Could North Carolina's elections be delayed again next year?
That depends on the decision of a panel of judges in Raleigh hearing a pair of lawsuits against the state's new, Republican-drawn voting districts. This week the judges declined to fast-track a trial on the suits and scheduled another hearing for Jan. 12.
In an affidavit, state elections director Gary Bartlett laid out a case against delaying the elections. He cited three previous instances when legal challenges delayed elections, in 1998, 2002 and 2004.
In 1998, when Congressional primaries didn't happen until September, he wrote, "turnout was abysmal" at 8 percent.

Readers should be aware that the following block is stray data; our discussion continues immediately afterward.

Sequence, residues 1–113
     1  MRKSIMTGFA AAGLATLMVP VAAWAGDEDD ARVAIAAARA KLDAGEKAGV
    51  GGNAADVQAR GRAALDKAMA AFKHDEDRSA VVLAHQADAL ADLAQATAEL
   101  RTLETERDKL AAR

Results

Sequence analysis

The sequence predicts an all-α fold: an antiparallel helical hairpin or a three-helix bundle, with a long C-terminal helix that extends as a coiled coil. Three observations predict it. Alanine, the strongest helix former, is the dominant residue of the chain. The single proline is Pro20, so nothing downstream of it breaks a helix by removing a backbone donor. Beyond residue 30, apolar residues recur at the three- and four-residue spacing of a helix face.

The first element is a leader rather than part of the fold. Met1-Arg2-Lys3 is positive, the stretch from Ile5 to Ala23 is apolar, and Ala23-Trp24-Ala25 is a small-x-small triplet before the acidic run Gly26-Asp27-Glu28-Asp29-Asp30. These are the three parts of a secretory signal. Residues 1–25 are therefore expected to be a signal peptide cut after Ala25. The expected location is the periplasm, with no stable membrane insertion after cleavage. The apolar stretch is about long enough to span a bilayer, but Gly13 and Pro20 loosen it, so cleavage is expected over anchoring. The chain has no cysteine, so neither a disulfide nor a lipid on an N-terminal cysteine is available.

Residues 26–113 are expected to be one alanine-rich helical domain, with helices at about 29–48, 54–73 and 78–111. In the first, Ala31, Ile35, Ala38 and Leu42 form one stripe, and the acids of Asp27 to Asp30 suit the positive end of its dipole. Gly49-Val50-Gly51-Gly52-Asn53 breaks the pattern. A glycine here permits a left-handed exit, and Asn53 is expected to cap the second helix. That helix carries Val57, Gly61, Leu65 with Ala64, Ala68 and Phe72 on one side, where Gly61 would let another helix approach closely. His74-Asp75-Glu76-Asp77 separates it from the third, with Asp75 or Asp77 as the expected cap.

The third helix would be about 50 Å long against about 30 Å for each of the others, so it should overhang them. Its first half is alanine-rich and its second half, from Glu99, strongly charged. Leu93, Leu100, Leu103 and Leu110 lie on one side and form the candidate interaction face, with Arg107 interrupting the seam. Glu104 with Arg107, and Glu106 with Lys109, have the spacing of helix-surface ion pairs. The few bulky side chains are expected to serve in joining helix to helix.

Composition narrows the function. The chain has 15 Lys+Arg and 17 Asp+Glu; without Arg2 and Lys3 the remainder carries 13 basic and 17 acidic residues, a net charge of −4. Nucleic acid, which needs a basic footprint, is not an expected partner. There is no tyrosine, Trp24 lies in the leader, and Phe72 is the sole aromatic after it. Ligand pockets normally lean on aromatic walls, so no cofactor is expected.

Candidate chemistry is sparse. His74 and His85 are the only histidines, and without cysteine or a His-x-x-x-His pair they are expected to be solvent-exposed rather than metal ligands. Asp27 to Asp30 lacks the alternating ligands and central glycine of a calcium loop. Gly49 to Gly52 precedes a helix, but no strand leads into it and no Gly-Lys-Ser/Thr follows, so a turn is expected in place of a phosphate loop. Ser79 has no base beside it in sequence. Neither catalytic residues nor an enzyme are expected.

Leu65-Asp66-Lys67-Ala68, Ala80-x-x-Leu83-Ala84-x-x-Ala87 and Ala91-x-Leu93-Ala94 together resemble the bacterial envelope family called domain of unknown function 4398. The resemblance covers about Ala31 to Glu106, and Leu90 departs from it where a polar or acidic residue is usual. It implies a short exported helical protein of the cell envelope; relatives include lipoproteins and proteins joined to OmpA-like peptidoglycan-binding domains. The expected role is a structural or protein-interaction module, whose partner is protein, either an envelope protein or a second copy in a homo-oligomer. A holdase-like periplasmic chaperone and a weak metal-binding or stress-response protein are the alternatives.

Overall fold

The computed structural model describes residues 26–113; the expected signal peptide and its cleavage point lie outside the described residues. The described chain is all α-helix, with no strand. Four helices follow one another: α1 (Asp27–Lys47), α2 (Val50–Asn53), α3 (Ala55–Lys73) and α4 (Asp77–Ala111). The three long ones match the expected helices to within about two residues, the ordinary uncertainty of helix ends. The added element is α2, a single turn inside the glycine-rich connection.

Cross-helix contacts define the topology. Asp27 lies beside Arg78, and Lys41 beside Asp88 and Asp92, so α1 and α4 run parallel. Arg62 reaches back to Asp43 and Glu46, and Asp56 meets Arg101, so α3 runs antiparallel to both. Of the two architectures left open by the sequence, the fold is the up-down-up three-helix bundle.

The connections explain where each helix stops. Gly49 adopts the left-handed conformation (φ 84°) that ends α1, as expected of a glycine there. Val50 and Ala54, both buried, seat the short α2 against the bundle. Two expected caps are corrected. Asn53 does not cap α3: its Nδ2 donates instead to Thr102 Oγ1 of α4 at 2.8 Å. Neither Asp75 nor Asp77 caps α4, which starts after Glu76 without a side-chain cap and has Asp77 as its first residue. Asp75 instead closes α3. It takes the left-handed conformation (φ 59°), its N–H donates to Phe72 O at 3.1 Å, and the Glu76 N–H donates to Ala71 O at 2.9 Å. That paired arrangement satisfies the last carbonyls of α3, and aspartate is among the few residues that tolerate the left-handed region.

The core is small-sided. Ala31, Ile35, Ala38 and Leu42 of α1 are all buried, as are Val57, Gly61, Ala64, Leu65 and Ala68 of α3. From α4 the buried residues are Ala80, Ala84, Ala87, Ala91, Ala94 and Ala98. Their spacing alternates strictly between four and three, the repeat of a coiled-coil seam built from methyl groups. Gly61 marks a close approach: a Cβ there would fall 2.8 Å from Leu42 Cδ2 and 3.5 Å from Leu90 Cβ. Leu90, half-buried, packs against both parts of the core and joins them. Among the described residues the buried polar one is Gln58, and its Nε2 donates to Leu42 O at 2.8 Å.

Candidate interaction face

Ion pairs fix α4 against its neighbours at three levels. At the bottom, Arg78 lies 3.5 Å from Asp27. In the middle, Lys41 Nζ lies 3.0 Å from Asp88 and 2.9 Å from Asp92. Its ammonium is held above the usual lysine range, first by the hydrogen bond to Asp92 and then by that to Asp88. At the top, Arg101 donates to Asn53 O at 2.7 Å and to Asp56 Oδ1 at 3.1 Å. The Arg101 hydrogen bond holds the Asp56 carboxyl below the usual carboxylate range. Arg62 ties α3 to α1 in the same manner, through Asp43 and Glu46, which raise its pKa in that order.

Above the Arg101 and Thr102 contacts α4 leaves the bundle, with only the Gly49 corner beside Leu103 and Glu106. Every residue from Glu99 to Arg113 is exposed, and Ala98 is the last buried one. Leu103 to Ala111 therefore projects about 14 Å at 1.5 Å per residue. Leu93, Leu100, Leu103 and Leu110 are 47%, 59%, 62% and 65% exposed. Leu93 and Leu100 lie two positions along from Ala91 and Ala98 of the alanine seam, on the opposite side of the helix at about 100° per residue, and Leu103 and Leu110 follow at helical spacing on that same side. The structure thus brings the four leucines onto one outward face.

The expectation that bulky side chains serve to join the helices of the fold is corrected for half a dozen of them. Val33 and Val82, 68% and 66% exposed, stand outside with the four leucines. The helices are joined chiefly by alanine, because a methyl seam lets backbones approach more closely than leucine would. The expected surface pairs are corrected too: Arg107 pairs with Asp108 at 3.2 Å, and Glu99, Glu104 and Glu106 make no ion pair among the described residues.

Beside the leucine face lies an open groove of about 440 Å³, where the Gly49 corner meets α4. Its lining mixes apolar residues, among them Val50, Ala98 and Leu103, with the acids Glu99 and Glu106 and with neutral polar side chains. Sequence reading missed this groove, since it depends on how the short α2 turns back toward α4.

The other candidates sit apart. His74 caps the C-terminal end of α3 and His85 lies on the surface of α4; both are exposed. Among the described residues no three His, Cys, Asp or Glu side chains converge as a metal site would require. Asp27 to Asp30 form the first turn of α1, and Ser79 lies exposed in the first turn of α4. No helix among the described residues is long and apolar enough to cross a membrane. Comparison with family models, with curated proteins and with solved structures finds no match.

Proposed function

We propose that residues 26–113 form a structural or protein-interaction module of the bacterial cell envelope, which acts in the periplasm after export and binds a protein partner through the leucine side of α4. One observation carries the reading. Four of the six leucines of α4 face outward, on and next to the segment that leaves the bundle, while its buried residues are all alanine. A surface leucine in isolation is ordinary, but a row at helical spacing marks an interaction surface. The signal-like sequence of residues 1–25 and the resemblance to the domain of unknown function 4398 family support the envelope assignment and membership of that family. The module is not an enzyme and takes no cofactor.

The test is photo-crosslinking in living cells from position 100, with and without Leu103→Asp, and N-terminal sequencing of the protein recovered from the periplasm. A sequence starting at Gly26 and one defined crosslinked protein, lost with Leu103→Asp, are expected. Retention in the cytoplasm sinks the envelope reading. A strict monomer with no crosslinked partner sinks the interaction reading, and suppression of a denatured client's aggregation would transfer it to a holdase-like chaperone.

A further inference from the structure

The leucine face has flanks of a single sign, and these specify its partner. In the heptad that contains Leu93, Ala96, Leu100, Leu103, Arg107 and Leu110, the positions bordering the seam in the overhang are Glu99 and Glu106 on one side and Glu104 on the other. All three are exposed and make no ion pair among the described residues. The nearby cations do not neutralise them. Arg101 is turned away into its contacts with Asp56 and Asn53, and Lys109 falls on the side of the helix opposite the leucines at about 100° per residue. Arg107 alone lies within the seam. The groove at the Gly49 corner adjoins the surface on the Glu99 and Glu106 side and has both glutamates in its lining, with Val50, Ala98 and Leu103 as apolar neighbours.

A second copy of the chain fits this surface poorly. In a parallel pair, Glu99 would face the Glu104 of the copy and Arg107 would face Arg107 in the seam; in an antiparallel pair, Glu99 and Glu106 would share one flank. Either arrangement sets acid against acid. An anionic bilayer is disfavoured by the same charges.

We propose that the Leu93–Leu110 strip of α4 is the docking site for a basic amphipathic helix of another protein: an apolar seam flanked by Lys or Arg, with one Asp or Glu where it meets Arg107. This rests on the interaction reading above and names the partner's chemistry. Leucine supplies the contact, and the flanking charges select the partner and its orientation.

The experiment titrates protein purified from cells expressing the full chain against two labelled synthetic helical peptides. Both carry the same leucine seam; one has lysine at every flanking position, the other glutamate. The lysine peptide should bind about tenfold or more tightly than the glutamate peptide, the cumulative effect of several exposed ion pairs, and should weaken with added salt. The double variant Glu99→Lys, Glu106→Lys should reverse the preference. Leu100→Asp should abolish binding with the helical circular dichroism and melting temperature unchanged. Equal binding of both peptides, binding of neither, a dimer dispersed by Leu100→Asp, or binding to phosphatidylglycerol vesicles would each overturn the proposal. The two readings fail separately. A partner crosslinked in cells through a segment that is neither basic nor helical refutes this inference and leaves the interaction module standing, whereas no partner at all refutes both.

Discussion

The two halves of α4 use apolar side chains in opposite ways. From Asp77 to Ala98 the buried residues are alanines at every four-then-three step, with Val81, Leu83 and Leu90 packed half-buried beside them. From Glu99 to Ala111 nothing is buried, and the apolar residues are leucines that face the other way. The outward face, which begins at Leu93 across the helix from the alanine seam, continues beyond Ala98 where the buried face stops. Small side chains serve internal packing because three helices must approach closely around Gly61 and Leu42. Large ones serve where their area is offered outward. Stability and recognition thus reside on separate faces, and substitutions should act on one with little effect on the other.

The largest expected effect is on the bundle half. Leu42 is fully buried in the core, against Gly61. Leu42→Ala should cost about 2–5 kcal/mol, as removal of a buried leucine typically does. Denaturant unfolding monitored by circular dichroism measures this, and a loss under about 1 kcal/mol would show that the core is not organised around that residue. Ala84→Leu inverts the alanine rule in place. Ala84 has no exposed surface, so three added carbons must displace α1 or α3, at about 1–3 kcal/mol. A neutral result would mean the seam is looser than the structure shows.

"Any delays in establishing district boundaries creates an unfair and uneven playing field with a decisive advantage to wealthy candidates and incumbents," Bartlett wrote.
In addition, he said, the state and county elections boards will have less than three weeks from the close of filing on Feb. 29 to the start of absentee voting for the May 8 primary. Complicating the picture is the requirement to get absentee ballots to N.C.-based members of the armed forces deployed around the world.
Even compressing the times for filing and ballot preparation, he said, final lines would need to be in place by Feb. 24 for the May 8 primary to go of on schedule.
"A schedule this tight would put additional demands on elections officials," he wrote, "operating under such a tight timetable can undermine the successful conduct of elections."